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First POST: Verbed

BY Micah L. Sifry | Monday, September 9 2013


  • Overturned: The Washington Post reports that in 2011 the Obama administration successfully got the Foreign Intelligence Surveillance Court to reverse a 2008 ruling and allow the NSA to search its databases for American communications without a warrant and to extend the time they can keep those communications.

  • Shafted: Jack Shafer digests the latest news about the NSA's efforts to get around most encryption standards and finds a huge irony:

    Can somebody explain to the NSA that Snowden has merely done to the NSA what the NSA has been doing to U.S. citizens and business for decades? Snowden deceitfully ignored the legally binding promises he made to the NSA; the NSA similarly runs roughshod over both the letter and the spirit of surveillance legislation (and systematically lies about it, something Snowden doesn’t do). Snowden stole secrets; the NSA steals secrets (and encryption keys, according to yesterday’s reports), only at a more colossal level. Snowden took it upon himself that he, not the NSA or his government, knows best; the NSA and its governmental partners believe they know best; Snowden creatively exploited the technical weaknesses in the computer matrix to accomplish his goals; so does the NSA.

  • Exposed: Yahoo released its first government transparency report Friday, covering the first six months of 2013. It received more than 12,000 requests from government agencies in the United States, by far the most from any country.

  • Accelerated: Google is speeding up its efforts to improve the encryption of the information that flows through its data centers, in response to all the revelations about dragnet government surveillance programs.

  • Proposed: Rep. Rush Holt is pursuing legislation that would stop the NSA from installing back doors into encryption.

  • Suggested: Cory Doctorow offers this idea to help "foil NSA sabotage": a kind of digital "dead man's switch" that would allow web sites and services to alert users to when their resources become compromised by government intrusions.

In other news around the web:

  • Previewed: The Verizon v F.C.C. case goes before the US Court of Appeals today, wherein Verizon is challenging the FCC's authority to write rules insuring that internet service providers maintain an open internet. Verizon is arguing that the agency's efforts violate its constitutional rights, claiming that it should be considered a media company and not regulated under the First Amendment. Susan Crawford, author of the industry-critical book Captive Audience, argues that this is "absurd."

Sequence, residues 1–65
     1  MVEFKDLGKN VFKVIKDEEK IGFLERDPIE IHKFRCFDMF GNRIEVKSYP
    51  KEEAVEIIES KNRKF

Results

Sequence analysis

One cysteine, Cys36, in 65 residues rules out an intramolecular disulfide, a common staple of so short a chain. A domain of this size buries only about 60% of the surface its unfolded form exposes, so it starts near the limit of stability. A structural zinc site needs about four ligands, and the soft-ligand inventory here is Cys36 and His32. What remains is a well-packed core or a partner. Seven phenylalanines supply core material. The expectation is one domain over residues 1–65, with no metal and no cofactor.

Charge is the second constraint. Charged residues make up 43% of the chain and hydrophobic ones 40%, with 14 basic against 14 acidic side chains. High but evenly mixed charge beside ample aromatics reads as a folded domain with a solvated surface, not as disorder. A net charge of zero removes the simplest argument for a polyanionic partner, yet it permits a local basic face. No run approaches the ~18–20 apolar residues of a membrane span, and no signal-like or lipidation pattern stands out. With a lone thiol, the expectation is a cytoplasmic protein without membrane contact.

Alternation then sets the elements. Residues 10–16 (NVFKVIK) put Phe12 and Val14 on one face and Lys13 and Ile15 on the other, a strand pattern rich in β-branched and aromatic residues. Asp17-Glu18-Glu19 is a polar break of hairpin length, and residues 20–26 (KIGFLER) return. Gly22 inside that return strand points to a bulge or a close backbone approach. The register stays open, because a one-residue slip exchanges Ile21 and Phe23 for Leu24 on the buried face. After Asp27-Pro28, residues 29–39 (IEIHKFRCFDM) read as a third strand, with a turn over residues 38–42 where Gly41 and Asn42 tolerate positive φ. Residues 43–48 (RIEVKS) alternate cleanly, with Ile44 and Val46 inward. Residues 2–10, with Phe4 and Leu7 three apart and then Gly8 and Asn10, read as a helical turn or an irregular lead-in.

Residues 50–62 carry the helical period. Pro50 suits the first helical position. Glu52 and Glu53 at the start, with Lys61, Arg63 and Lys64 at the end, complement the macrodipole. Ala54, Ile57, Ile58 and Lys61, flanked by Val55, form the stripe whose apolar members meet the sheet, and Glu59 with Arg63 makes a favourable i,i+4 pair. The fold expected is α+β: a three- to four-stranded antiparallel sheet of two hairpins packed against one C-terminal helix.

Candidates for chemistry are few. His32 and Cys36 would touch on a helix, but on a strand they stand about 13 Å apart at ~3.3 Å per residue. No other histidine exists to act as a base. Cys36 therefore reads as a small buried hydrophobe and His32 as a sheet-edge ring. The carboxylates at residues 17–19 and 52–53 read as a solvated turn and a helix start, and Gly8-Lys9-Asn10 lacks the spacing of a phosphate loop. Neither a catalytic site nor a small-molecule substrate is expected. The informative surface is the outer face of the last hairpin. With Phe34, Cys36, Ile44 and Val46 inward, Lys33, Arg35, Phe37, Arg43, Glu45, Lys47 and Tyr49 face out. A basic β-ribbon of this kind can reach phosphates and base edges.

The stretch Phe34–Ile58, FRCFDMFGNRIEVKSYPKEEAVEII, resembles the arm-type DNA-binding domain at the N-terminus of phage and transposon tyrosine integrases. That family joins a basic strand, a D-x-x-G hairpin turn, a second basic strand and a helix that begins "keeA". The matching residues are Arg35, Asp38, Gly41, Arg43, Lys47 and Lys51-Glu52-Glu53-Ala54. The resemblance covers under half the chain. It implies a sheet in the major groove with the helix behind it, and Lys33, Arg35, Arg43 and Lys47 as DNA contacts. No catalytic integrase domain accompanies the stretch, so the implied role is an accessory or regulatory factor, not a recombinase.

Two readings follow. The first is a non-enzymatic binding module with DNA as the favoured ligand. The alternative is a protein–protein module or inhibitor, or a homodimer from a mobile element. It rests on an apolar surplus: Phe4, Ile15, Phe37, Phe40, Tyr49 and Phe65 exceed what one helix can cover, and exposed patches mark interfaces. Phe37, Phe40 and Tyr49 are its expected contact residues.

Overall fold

• Leaked: Speaking of net neutrality, the underlying issue in the Verizon case, go check out "The Internet Must Go," a 30-minute mockumentary directed and produced by Gena Konstantinakos, which purports to expose the plans of the big telecom companies to kill off the Internet. It's a subtle satire, but not a joking matter.

  • Launched: The Shorenstein Center and the Nieman Journalism Lab have released "Riptide," an oral history of the "epic collision between journalism and digital technology, from 1980 to the present." There's 50 hours of interviews, but to download the essay, written by the project's principals John Huey, Martin Nisenholtz and Paul Sagan, go here.

  • Purchased: Capital New York, founded and edited by PDM friends Josh Benson and Tom McGeveran (and incubated in quasi-shared office space with us in their early days), has been bought by Robert Allbritton, the owner of POLITICO. Benson and McGeveran's note to their readers says that Allbritton has "the intention of establishing and growing [Capital] as a freestanding sibling publication in New York." Mike Allen's Politico Playbook reports that Politico co-founder and executive editor Jim Vandehei will "expand his duties to include serving as president of Capital New York" and that "The original POLITICO gang--John Harris, Jim Vandehei, Mike Allen and Kim Kingsley--will all be instrumental in advising and helping guide the expansion of the new company."

  • Profiled: "Journalist-Agitator" Barrett Brown, in prison for a year already and facing decades more, gets the David Carr treatment. He is being prosecuted for posting a link to leaked files from Stratfor, the controversial security firm, that included credit card data. Carr notes Brown's activist profile and sometimes erratic behavior, but points out that journalists link to stolen information frequently, and that "by trying to criminalize linking, the federal authorities in the Northern District of Texas — Mr. Brown lives in Dallas — are suggesting that to share information online is the same as possessing it or even stealing it."

  • Recused: Newark Mayor Cory Booker, the Democratic nominee for the US Senate from New Jersey, has ended his relationship with the tech start-up WayWire.

  • Wanted: San Francisco Mayor Ed Lee announced the launch of an "entrepreneur-in-residence" program to bring Silicon Valley style innovation into government. The 16-week program will give entrepreneurs with products or services that address public sector "pain points" the opportunities to test their ideas against the reality of government operations.

  • Anticipated: Secretary of State John Kerry is doing a Google Hangout on Tuesday with the NY Times Nicholas Kristof and Syria Deeply's Lara Setrakian.

  • Dashed: Julian Assange's quixotic bid to make it into the Australian Senate fell short, with his WikiLeaks Party obtaining just 25,667 votes, or a little more than 1 percent of the vote. But Assange says he's "pleased" with the result.

  • Deleted: Twitter has cut off an account used by Somali militants.